An aggregate head (or simply an aggregate) is an accessory for a CNC that lets the machine handle tasks that are more than just plunging a straight bit into the wood and then traveling across the top surface. Its most useful application is to bring many of the capabilities of a 5-axis machine to a 3-axis CNC.
The aggregate can be attached to the router spindle, using a standard tool-changer format such as HSK or ISO, to change the direction of the spindle shaft. Instead of pointing straight down, this new shaft extension can swivel and then lock at various angles to facilitate sawing, drilling and routing – either horizontally at 90 degrees (sideways, so it addresses the edges of the part), or at pretty much any incremental angle. For example, it might allow the bottom of a straight plunge bit to create the angled section of a traditional raised panel, rather than having to use a very large and wide-angled V-bit. One advantage then is that an aggregate can use a smaller, lighter tool and that’s significant where weight is an issue.
Remember that by adding an aggregate to the end of the spindle you’re now introducing sideways (shear) force as well as downward (vertical) force, along with the new head’s additional weight and length, so you’re asking the spindle and the gantry to do a lot more work.
Many standard tools can be modified to connect to an aggregate, so it’s a good idea to take an inventory of the shop’s available tooling before investing in a new aggregate that might require new tooling.
Some of the applications that an aggregate can add to a basic CNC are angled sawing such as removing excess material, trimming parts to length or creating slots and grooves at different angles; cutting compound angles; drilling for dowels and plastic or metal connectors on the edges of parts; milling mortises in edges and on the ends of stiles and rails; creating tenons without having to re-fixture between the top and bottom milling; milling for inset hardware such as hinges and locks; and sanding with either short belts or random orbit discs.
If a woodworker just attached a new aggregate to an existing spindle, it would obviously spin around. To keep it locked in position at the end of the spindle, various setups use anti-rotation rings or stop blocks, or a C-axis (fourth axis), if available.
If you’re not familiar with the C-axis, the easiest way to conceptualize it is to imagine a device that attaches between the spindle and the aggregate. It has a little motor on board that allows the aggregate to turn 360 degrees while the spindle stays in its normal position. So, if you have an aggregate with, say, two tools on it, there might be a large plunge bit sticking out of the left side and a much smaller straight bit chucked into the righthand side. Imagine an entry door fixtured to the table (well, vacuum clamped in place), and the mortise for the lock needs to be created in its edge. The large bit in the aggregate can move sideways into the wood and carve most of the mortise, and then the head is withdrawn so the C-axis can turn the aggregate 180 degrees and let the small head clean up the corners.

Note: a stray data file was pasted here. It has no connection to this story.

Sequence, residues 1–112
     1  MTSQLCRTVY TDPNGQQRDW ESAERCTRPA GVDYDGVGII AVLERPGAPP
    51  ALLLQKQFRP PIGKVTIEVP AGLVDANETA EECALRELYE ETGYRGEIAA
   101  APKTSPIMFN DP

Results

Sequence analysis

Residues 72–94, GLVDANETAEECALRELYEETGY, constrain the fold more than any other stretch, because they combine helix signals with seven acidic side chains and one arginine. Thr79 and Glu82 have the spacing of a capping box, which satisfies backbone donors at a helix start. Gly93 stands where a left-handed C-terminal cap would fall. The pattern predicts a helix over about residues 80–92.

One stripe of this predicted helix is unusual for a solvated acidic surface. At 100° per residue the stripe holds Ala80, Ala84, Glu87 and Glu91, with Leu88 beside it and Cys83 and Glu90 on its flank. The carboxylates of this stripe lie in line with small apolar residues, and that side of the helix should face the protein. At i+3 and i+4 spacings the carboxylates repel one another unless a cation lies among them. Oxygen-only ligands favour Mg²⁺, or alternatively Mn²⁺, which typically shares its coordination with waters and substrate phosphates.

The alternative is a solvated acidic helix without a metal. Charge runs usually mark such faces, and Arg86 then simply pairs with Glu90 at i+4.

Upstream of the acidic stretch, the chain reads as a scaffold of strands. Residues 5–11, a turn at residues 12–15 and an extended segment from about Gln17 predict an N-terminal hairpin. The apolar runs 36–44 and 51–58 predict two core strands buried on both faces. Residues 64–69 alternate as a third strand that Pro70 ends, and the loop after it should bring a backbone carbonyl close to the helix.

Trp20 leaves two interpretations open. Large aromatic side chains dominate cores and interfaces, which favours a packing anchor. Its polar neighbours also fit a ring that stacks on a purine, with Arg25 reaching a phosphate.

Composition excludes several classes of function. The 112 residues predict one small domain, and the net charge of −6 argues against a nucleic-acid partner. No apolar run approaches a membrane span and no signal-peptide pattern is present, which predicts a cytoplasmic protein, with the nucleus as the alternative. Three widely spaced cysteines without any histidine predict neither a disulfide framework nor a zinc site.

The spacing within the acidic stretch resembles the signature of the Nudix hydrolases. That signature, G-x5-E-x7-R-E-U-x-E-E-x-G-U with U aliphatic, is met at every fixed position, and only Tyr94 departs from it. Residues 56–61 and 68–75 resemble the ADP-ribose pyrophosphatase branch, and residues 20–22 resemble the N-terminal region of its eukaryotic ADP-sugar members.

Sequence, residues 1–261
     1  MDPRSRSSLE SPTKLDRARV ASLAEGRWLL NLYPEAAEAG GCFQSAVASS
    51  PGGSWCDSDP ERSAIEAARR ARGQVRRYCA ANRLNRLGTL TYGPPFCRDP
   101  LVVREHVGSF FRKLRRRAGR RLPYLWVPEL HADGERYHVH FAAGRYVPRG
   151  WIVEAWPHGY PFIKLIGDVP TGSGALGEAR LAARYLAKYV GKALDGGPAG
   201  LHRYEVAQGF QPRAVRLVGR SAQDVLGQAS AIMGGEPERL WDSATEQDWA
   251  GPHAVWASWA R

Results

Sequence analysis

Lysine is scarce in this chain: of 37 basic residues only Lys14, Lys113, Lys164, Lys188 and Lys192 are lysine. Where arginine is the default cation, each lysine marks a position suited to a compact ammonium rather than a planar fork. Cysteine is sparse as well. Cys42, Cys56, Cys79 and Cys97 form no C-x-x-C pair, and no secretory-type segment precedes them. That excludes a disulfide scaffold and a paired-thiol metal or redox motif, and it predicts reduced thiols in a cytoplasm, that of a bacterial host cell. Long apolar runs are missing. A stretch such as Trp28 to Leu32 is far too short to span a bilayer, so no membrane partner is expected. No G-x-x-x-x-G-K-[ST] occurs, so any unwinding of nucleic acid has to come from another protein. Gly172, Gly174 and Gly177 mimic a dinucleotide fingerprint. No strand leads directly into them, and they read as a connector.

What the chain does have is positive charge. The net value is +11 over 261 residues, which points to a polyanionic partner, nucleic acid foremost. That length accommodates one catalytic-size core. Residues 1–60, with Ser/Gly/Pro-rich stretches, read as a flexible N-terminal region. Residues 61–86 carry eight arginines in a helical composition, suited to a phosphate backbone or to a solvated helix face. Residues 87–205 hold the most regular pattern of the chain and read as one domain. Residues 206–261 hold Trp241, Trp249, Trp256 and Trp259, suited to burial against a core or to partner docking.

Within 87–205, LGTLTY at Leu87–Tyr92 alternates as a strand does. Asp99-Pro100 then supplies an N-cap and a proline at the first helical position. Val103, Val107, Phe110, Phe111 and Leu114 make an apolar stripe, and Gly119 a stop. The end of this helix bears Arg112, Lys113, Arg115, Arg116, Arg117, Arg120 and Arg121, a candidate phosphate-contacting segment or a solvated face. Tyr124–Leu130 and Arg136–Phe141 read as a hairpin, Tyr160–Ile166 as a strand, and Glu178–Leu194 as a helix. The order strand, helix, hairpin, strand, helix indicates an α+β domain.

A C-axis also lets the tool follow curves and ellipses, adding even more abilities to the aggregate. That is, it can swivel slightly as the spindle travels along a curve so that the tool is always addressing the wood at the same angle.
Another great use of aggregates is to use a floating head that registers off the top of the work (rather than zeroing on the spoil-board), so the tool can stay parallel to uneven surfaces and always cut at exactly the same depth.
Adding an aggregate adds stress and weight, so keeping it cool is a huge concern. Most heads use grease lubing, while others offer an upgrade to an oil bath. An oil mister may be an option, but the best solution is to monitor the temperature and to set up cuts so the machine isn’t overworking. Many aggregates have a temperature gauge on the body. The best advice is to talk about speeds, bit diameters and chip load with the salesperson while keeping in mind that the machine needs to be powerful enough to handle the aggregate and the head needs to be cool enough to handle the load.